There’s a staffing shortage in the accounting industry, and it’s not too early to lock in a tax preparer for next season.
If you need someone with specialty expertise — such as the employee retention tax credit or cryptocurrency taxes — it may take longer to find a qualified match. But vetting is always important, experts say.
“Buyer beware,” said April Walker, lead manager for tax practice and ethics with the American Institute of CPAs. “Truly, anybody can call themselves a tax preparer.”
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The IRS recently unveiled a plan to target “unscrupulous” tax preparers, but there’s currently a low barrier to join the profession, with a basic requirement of registering through the IRS for a preparer tax identification number, or PTIN.
In her 2022 annual report to Congress, National Taxpayer Advocate Erin Collins highlighted the “absence of minimum competency standards for return preparers” as a top problem. When a preparer makes a mistake, the filer is ultimately responsible for their return and can face IRS enforcement action, she wrote.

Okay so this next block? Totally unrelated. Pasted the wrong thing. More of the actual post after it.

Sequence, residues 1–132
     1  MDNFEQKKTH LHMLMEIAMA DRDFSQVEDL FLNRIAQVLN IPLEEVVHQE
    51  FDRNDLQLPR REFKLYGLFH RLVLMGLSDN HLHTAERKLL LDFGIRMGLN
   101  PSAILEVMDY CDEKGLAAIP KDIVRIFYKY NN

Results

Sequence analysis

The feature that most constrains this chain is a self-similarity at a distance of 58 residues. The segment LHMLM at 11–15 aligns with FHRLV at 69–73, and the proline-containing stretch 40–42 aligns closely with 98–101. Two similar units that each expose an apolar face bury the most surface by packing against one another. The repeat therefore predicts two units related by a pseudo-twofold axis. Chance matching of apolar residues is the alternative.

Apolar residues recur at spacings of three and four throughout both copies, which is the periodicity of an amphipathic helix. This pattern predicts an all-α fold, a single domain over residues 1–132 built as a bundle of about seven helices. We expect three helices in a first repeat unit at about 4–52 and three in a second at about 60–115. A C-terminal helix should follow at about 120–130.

How to find a mutual ‘good fit’
The first step to finding the right tax preparer is understanding your needs, according to Walker.
For example, the scope of the tax arrangement looks different for W-2 employees compared to a small business owner. There’s also a big difference between preparing a tax return and providing ongoing planning throughout the year.
You can begin the process by asking for referrals from family, friends or colleagues, and interviewing each candidate. “If they’re a good advisor, they want to have a good fit with you also,” Walker said. “They want to develop a relationship that’s ongoing, not just a transactional one.”
Check for tax credentials
While anyone with a PTIN can legally prepare federal tax returns, preparers may have varying levels of education, experience and expertise.
Three types of tax professionals have unlimited representation rights before the IRS: attorneys, certified public accountants and enrolled agents. This means they can represent you on any tax issue, including audits, payment or collections and appeals, according to the IRS. These individuals also have continuing education and ethics requirements.
However, unlicensed tax professionals can be good, too, according to Josh Youngblood, an enrolled agent and owner of The Youngblood Group, a Dallas-based tax firm.
“At a minimum, they should be participating in the IRS’ annual filing season program,” which requires continuing education and provides limited IRS representation rights, he said. “That at least shows some initiative versus someone who just signed up online and got a PTIN.”